O, for a draught of vintage

There are many reasons why you should visit Azerbaijan but if you’re a connoisseur of wines then remember that this country is one of the oldest wine producing nations in the world

Roughly around the time of 4000 BCE, approximately 6,000 years ago, man was at the cusp of inventing the wheel and the people of China were learning the art and science of rice farming. But there were a bunch of people in exotic Azerbaijan who eschewed such mundane pursuits in favour of the finer things of life. More specifically, wine. Believe it or not, the modern nation of Azerbaijan happens to be one of the oldest wine growing regions in the world. And it’s not just a wild claim that we are making. This is backed up by archaeological and micro-botanical evidence that suggests that the folks around the Arpachay River in Nakhchivan’s Sharur region were making copious amounts of wine about six millennia ago. In fact, there is some evidence that there existed an even older knowledge of wine in the Shulaveri-Shomutepe culture near Aghstafa in what is now Western Azerbaijan.


Cut to the Soviet era, far from throwing away this fine side of life as good humourless vodka loving Communism would have suggested, Azerbaijan continued to produce vast quantities of the drink of the gods. In 1984, just about half a decade before the Berlin Wall came down, before Glasnost and Perestroika, this region produced 10 million decalitres of wine, 1.4 million decalitres of cognac and 1.5 million decalitres of sparkling wine. By the time the Soviets replaced the red flag of USSR with the white blue and red of Russia, Azerbaijan boasted 181 wineries with a total capacity of 1.8 million tonnes!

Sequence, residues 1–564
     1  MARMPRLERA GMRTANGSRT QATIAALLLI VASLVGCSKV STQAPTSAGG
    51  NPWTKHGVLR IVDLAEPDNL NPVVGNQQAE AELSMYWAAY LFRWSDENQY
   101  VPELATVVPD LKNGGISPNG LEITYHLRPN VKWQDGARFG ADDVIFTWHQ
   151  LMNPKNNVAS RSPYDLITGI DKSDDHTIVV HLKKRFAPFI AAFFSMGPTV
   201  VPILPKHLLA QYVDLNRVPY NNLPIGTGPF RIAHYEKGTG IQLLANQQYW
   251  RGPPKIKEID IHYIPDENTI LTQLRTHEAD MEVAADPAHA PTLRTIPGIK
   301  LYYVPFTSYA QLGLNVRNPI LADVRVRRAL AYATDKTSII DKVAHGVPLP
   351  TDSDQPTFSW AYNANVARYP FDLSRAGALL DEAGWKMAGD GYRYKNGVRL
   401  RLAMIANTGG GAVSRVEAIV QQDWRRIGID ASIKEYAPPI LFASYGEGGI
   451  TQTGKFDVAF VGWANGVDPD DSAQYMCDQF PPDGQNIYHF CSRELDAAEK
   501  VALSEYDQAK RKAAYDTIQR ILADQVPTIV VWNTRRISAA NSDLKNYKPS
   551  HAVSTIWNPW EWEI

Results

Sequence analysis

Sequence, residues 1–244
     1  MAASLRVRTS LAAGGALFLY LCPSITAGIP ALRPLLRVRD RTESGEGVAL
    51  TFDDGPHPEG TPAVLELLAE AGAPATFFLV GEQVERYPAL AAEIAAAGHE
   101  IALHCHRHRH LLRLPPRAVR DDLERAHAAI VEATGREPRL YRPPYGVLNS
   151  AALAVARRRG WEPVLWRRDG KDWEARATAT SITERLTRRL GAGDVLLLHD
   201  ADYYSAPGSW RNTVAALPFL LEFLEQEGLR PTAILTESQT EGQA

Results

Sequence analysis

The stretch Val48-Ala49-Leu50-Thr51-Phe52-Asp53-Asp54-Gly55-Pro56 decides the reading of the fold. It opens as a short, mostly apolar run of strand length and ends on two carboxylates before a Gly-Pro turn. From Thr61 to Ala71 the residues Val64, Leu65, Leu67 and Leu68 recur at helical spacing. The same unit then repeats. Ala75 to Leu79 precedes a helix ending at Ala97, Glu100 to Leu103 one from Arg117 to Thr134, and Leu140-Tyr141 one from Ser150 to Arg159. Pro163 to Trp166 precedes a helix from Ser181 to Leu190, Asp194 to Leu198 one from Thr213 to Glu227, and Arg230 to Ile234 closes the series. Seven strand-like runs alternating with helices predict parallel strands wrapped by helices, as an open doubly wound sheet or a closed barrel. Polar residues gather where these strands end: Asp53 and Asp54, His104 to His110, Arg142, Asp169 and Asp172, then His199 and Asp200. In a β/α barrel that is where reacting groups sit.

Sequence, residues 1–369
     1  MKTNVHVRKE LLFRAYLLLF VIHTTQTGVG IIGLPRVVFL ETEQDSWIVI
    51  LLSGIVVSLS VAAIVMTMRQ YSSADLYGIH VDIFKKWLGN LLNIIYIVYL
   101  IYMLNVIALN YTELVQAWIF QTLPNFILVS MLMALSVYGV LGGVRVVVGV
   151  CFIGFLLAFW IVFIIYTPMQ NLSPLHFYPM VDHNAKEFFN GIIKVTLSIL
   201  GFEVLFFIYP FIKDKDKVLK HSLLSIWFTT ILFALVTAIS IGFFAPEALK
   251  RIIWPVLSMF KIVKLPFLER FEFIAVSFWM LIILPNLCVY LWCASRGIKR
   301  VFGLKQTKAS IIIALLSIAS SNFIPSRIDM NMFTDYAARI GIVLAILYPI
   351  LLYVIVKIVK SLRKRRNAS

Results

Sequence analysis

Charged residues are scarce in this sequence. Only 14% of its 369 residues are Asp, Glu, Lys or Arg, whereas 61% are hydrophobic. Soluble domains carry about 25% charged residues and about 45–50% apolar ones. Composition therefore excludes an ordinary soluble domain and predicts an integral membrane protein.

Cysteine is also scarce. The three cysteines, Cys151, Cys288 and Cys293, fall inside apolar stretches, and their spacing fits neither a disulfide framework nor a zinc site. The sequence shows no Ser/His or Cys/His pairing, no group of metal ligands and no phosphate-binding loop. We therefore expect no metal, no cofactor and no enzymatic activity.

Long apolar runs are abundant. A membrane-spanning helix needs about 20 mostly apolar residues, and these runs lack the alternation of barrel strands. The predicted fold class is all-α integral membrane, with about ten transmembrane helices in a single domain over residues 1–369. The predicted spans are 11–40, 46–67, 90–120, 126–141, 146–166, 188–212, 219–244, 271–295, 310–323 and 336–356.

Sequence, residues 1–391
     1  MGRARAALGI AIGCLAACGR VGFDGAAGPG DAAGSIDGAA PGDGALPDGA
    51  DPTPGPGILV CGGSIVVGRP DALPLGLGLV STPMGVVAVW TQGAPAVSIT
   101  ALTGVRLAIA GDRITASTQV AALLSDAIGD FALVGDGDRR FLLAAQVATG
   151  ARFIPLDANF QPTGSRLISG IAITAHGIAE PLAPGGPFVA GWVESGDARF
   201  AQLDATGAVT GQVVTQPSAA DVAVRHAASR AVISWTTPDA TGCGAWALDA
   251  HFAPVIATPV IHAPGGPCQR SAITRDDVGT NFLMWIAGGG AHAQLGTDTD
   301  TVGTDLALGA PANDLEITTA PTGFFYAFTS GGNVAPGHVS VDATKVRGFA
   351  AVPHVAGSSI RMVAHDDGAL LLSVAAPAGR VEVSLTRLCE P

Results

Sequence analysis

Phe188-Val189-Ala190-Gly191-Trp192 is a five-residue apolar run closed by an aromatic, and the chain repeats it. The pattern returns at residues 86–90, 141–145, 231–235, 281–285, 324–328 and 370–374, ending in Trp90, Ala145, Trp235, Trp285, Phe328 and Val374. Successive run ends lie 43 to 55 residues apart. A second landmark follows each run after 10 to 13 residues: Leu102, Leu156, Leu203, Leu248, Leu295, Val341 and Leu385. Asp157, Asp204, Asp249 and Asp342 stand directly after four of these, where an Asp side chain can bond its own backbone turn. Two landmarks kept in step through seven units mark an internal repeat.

So far so good. In a nutshell, Azerbaijan has a history of producing fine wines, cognac and sparkling wines and they have been doing it since before recorded history. So you can get the Azerbaijani version of every classic wine that you can think of. Here’s the clincher though. The country also has a culture of producing non-grape wines, especially pomegranate. Of these, the best known varieties include Az-Granata (Agsu) and Tovuz-Baltiya(Tovuz), which can be also tasted during traditional Goychay pomegranate festival held every year in early November.


All of this takes us back to Keats and his desire for “a draught of vintage! that hath been cool’d a long age in the deep-delved earth.” Unless he knew what he wanted in his goblet, young John would have been drunk on the sheer number of wine options in Azerbaijan.